Board turns down the volume on outdoor events
There's good news for neighbors of the Dakota County Fairgrounds. Chances are, things will be a little quieter in your neighborhood this summer.
On Tuesday, the Dakota County Board of Commissioners voted unanimously to approve changes to the county's ordinance that regulates assemblages of large numbers of people. It doesn't necessarily mean an end to fair-time noises like demolition derby cars or carnival rides, but at least most nights will be kept to a dull roar.
Last summer, the city of Farmington started receiving quite a few noise complaints from residents who lived near the fairgrounds, but since the fairgrounds are technically located in Castle Rock Township, there was little the city could do but share reports with township and county officials.
"It's out of our jurisdiction," city administrator Peter Herlofsky said. "But we took all the calls from our residents. We received more in the way of noise issue complaints than anybody around here has remembered from before."
The summer in 2009 was a bit cooler than others had been, which meant many residents kept their windows open at night rather than closing them and turning on central air. That, too, may have played in to the problem, Herlofsky said. The fact there were more events out there than in the past probably added salt to the wound.
Whatever the cause, the complaints met the ears of Dakota County officials. And those complaints prompted them to look at an ordinance that, until Tuesday morning, hadn't been updated in nearly 30 years.
County commissioner Joe Harris, who represents Farmington as well as Castle Rock and Empire townships, said it was probably about time amendments were made to Ordinance No. 112, Regulating Assemblages of Large Numbers of People. When it was created back in the 1980s, there were far fewer people in Dakota County, and the demographics were quite different.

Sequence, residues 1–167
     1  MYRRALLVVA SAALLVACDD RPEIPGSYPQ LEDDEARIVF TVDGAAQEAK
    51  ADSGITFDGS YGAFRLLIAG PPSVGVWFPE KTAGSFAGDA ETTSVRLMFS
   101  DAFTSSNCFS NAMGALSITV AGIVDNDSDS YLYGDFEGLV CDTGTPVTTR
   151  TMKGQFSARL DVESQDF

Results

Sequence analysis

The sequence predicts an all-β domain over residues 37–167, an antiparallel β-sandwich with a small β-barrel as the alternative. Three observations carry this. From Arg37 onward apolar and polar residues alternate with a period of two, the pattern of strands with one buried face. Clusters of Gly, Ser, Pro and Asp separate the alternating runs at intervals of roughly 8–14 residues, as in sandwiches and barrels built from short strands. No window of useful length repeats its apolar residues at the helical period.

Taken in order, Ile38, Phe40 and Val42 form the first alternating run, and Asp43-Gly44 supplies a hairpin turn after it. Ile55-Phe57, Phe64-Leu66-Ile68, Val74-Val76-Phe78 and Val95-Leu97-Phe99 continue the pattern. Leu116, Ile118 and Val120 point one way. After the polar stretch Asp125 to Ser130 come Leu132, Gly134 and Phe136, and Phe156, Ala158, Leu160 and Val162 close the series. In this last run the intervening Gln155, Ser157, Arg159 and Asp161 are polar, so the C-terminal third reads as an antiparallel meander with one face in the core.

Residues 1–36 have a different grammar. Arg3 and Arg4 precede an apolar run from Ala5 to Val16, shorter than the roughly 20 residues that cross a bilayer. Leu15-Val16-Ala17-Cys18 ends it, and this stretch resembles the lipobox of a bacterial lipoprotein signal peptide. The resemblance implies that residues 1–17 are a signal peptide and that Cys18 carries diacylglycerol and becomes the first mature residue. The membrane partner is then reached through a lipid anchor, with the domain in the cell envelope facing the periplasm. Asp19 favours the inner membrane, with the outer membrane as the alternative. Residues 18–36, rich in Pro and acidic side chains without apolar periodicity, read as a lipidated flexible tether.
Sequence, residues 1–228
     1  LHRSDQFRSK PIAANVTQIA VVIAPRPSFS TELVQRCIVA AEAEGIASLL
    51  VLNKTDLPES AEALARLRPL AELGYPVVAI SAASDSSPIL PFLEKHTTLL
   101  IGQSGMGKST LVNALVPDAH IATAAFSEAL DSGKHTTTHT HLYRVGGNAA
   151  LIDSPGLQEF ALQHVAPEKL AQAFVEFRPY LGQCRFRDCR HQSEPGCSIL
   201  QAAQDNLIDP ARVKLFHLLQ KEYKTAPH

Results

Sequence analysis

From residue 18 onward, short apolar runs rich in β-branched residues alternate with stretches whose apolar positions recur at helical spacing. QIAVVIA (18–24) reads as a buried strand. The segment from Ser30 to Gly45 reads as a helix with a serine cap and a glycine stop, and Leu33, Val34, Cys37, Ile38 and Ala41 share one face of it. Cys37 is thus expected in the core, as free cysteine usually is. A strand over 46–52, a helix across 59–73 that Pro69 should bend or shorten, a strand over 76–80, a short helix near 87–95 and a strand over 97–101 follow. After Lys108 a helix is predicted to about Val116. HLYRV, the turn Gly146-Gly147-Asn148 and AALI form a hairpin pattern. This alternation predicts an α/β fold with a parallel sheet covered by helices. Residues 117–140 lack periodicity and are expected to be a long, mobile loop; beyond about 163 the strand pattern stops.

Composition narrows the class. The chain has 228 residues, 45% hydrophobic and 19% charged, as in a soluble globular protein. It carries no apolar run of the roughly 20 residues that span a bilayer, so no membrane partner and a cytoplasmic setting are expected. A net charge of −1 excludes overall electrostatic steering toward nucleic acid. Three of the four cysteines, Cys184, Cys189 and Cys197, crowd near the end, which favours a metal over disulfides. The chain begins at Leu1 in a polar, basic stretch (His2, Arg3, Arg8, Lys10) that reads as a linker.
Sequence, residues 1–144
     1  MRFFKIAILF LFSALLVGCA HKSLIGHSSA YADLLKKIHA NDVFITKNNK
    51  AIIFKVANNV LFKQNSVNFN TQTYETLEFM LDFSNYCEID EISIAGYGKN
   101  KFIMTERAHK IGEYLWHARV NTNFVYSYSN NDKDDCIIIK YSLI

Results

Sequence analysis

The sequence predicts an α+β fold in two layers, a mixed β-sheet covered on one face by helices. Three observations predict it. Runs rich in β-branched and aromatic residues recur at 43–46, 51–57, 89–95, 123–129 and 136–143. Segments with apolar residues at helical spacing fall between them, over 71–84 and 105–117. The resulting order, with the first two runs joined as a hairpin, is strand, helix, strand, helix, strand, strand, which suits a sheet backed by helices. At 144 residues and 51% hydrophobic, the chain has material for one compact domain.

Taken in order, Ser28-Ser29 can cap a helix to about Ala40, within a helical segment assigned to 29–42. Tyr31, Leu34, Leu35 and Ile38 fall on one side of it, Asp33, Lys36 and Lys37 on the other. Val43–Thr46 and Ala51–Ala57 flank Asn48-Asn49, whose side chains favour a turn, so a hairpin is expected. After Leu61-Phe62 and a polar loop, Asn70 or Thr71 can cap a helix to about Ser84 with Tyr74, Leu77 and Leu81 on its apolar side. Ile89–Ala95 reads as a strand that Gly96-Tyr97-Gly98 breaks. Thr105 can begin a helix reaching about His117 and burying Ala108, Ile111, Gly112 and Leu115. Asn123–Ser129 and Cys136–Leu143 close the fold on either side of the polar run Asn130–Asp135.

Perhaps the biggest change to the ordinance is the time of operation. The original ordinance allowed activities to go from 9 a.m. to 1 a.m., seven nights a week. That was scaled back to 11:30 p.m. on Fridays and Saturdays, and 9 p.m. Sundays through Thursdays.
The ordinance also used to require organizers of a gathering to get a permit if there were going to be more than 500 people participating. Now, a permit is required for 300 people or more, and the organizers are required to sell tickets or have some other way of monitoring how many people are present.
"Whoever is proposing to have the event is going to have to track how many tickets are sold. There will have to be some way of checking the attendance, because, depending on the size of the crowd, there's going to have to be more licensed police officers - mainly Dakota County sheriff's deputies - required to keep the peace," Harris said.
While those deputies are at the event, they'll be monitoring the noise levels to make sure they don't exceed standards. Decibel levels can be monitored through use of a hand-held device.
The ordinance does not just apply to the fairgrounds. It covers all 13 townships in Dakota County, because the county oversees many of the rules and regulations in townships. Cities like Farmington have their own police forces, but the townships rely on the Dakota County Sheriff's Department. It just so happened most of the complaints county officials heard last summer were because of events at the fairgrounds.
"Every two or three years, we'd have an incident. Last year, it just seemed like we had three or four of them," Harris said. "I think we at the county are trying to be sympathetic to the neighborhood where the fairgrounds is.... There seem to be several activities that took place last summer and last fall that a fair number of citizens were upset with."
While the ordinance addresses noise levels at the fairgrounds for 51 weeks of the year, neighbors should still expect to hear the nightly mix of demo cars, crowds cheering and carnival music. The ordinance specifically states it does not apply to the Dakota County Fairgrounds during fair week.
The ordinance also does not apply to permanent structures like a church or auditorium constructed for assembly, or to family gatherings held on a family member's property.
Nor does it apply to noise complaints in incorporated city limits. In those cases, residents should contact city officials instead of county officials.
Finally, the ordinance does not apply to Dakota County parks. Harris said gates at most county parks are locked before 10 p.m., and, in any event, there are a separate set of ordinances that regulate what happens in the county parks.